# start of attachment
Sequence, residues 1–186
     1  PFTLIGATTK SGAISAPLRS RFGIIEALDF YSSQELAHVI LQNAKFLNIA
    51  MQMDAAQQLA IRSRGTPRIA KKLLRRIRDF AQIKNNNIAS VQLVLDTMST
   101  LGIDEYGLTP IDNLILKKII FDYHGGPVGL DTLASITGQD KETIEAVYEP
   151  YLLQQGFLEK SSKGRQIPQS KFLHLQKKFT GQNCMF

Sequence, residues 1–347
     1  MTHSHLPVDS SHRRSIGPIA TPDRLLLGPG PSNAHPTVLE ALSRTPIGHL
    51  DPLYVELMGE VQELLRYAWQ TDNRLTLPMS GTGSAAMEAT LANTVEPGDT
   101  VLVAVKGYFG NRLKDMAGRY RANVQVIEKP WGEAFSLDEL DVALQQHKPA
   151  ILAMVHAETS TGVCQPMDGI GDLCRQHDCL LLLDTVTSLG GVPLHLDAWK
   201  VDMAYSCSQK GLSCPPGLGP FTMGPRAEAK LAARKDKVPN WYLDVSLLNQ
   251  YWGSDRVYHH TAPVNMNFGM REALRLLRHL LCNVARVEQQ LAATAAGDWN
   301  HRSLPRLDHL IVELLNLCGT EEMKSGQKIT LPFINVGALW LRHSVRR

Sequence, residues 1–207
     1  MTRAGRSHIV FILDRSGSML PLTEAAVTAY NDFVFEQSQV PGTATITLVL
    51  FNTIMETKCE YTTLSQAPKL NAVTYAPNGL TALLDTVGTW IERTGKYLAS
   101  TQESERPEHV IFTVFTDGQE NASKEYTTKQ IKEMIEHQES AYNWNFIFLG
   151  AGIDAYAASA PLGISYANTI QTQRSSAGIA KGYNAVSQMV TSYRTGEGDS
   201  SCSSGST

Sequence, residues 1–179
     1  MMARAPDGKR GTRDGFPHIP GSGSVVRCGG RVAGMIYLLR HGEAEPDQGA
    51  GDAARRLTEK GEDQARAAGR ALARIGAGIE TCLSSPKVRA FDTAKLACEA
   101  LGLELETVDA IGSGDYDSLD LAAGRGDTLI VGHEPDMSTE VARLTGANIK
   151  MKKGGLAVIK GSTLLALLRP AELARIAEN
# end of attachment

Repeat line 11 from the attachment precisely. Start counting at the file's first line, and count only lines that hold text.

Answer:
   201  VDMAYSCSQK GLSCPPGLGP FTMGPRAEAK LAARKDKVPN WYLDVSLLNQ